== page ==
Target Archery is probably the sort of archery that pops into your head when you think of competitions with a bow. The 2012 Olympics probably gave people in the UK their first real view of archery outside of movies and as the viewing and attendance at Lords Cricket ground was among some of the best received events … people in the UK liked what they saw. A large number of archers took annual holidays and spent a week on the couch watching the entire event live. (editor: I did this and it was fantastic although my couch still has a dent from my butt)
The vast majority of target archery competitions involves shooting a set number of arrows at each of one, two, three or even four distinct distances while aiming at a set sized for the distance face (or target). The field will be as flat as is possible. The arrows are shot in ends (your turn) of 3 or 6 arrows (3 at the shorter, 6 at the longer distances). These ends are shot in a very formal manner with a time limit which minimizes any possibility of injury and delay. A series of whistles or coloured lights (not dissimilar to traffic lights) are used to keep competitors appraised of how long they have left to shoot and when its safe to collect arrows respectively. Competitors are split by type of bow type, gender and age group and in most competitions the winner of each sub group is the person with the largest score.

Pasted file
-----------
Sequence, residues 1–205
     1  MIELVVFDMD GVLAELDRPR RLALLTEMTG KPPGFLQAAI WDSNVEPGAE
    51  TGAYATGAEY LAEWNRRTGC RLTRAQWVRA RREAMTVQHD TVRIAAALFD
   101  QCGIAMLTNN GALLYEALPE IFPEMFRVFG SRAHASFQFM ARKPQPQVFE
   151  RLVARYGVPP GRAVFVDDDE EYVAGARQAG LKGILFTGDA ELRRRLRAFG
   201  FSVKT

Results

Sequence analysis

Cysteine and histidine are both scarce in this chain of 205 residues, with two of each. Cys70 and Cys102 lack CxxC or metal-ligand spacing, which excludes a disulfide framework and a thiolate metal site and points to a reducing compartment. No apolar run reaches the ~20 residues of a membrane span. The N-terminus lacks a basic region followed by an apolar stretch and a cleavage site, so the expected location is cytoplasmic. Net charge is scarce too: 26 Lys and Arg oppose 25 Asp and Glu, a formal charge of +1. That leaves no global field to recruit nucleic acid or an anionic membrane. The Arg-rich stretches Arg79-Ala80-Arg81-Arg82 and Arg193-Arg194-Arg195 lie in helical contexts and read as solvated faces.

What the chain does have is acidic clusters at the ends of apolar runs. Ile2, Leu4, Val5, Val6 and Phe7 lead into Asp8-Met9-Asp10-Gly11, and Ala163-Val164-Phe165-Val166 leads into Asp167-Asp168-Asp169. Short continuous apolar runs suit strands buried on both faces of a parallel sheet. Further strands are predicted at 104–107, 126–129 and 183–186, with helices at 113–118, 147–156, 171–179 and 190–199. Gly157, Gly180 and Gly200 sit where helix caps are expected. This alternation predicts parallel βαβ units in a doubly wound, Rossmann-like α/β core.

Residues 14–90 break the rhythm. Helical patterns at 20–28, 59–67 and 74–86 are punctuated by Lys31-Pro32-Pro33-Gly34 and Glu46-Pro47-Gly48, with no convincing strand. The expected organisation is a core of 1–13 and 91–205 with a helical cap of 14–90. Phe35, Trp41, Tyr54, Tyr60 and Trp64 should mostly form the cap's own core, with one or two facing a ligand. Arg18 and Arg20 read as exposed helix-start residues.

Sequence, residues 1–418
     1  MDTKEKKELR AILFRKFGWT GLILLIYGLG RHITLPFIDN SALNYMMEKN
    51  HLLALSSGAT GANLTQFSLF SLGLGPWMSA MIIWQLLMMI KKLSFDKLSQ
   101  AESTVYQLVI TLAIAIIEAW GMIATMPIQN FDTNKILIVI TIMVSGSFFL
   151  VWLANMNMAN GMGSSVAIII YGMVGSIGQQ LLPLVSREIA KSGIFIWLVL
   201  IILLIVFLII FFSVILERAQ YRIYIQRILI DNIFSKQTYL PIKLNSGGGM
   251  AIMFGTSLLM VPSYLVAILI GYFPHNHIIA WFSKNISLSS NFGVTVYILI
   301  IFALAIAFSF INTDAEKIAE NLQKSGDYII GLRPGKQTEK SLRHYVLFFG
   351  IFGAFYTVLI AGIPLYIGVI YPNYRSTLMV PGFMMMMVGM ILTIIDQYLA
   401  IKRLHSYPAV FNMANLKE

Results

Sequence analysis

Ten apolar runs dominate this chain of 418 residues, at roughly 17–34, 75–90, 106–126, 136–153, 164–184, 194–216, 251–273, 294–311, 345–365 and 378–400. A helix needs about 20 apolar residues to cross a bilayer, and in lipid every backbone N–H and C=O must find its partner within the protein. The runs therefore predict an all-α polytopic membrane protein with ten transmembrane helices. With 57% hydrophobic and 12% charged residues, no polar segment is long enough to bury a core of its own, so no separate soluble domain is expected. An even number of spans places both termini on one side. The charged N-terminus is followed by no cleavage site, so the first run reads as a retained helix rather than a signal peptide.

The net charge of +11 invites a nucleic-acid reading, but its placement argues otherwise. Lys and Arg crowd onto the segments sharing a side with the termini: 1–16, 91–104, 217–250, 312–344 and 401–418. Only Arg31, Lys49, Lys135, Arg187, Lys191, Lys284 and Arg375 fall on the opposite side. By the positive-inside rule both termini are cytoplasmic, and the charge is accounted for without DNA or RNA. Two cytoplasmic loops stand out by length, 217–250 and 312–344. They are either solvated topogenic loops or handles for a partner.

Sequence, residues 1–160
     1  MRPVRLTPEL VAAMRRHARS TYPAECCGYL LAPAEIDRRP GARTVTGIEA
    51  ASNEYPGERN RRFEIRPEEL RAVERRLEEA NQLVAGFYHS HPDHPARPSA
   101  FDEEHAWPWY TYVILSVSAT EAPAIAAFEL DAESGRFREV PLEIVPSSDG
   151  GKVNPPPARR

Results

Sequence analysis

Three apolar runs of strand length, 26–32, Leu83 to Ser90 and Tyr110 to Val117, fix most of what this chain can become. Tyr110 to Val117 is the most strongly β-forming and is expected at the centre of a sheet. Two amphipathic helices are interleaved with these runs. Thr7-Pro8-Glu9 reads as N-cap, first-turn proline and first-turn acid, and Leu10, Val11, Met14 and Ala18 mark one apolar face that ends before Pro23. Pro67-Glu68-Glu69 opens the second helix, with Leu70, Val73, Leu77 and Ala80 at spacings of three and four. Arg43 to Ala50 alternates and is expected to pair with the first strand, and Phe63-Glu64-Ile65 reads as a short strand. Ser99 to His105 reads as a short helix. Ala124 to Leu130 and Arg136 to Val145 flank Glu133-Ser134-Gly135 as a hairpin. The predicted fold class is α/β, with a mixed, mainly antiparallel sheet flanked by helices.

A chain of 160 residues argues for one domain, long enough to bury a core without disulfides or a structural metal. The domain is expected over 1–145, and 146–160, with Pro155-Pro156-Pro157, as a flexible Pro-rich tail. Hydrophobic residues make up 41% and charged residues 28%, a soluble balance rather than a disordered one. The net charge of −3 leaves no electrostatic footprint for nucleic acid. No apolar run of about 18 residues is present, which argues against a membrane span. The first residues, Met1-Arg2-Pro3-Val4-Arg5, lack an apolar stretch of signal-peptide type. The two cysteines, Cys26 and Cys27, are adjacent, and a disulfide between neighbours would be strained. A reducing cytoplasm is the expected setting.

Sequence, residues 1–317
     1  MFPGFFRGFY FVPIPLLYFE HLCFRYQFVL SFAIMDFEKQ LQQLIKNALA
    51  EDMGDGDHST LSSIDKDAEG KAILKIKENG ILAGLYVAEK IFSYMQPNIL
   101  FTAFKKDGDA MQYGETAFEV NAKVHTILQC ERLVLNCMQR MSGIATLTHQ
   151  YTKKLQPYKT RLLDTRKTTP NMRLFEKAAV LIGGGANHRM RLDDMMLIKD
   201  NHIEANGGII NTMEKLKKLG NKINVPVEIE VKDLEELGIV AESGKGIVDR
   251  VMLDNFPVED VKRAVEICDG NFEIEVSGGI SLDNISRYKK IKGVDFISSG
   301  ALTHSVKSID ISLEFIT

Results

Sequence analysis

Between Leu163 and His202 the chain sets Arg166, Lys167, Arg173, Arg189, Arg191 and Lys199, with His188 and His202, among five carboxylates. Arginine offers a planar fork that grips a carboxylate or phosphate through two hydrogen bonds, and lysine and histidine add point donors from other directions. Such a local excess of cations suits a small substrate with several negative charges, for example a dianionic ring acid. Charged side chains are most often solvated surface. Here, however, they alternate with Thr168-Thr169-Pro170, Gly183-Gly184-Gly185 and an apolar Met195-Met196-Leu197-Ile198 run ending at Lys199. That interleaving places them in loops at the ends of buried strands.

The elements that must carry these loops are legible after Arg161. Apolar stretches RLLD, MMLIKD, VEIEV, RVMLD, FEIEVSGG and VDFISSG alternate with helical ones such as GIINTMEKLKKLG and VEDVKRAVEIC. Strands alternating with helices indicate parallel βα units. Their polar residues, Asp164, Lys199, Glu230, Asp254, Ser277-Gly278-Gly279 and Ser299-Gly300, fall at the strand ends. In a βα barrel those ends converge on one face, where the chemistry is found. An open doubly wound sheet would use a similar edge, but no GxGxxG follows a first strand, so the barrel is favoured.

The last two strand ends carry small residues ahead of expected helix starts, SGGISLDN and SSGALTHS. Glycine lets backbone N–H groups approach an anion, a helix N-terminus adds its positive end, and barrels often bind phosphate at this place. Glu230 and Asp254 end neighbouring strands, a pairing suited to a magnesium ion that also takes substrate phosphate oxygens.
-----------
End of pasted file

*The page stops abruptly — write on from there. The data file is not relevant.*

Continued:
This is the very core of archery. The art of repetition. Archers embrace the grind of shooting methodically however this sort of competition does not make a good spectator sport. Even archers find this dull to watch with nothing to grab the attention. No drama (well, not often unless something breaks), no tension, no spark. If you arent bringing a bow to an archery competition, bring a book! Its worse than cricket.
Alternatively (as showcased in the Olympics) you can shoot in a knockout competition called a Head to Head where archers shoot directly against an assigned opponent usually determined in a ranking round shot as above. Each 3 arrow end constitutes a set worth 2 points if you have a higher score than your opponent (if tied 1 point each). First one to 6 points wins unless its all tied at 5 apiece when its a one arrow shoot off – nearest the spider (centre cross) wins. These can get very tense, makes for good spectator viewing as seen by the Olympics and is the format that World Archery deems to be the present and future of competitive archery.
A vast video library of head to head target archery can be found on World Archery’s Youtube channel.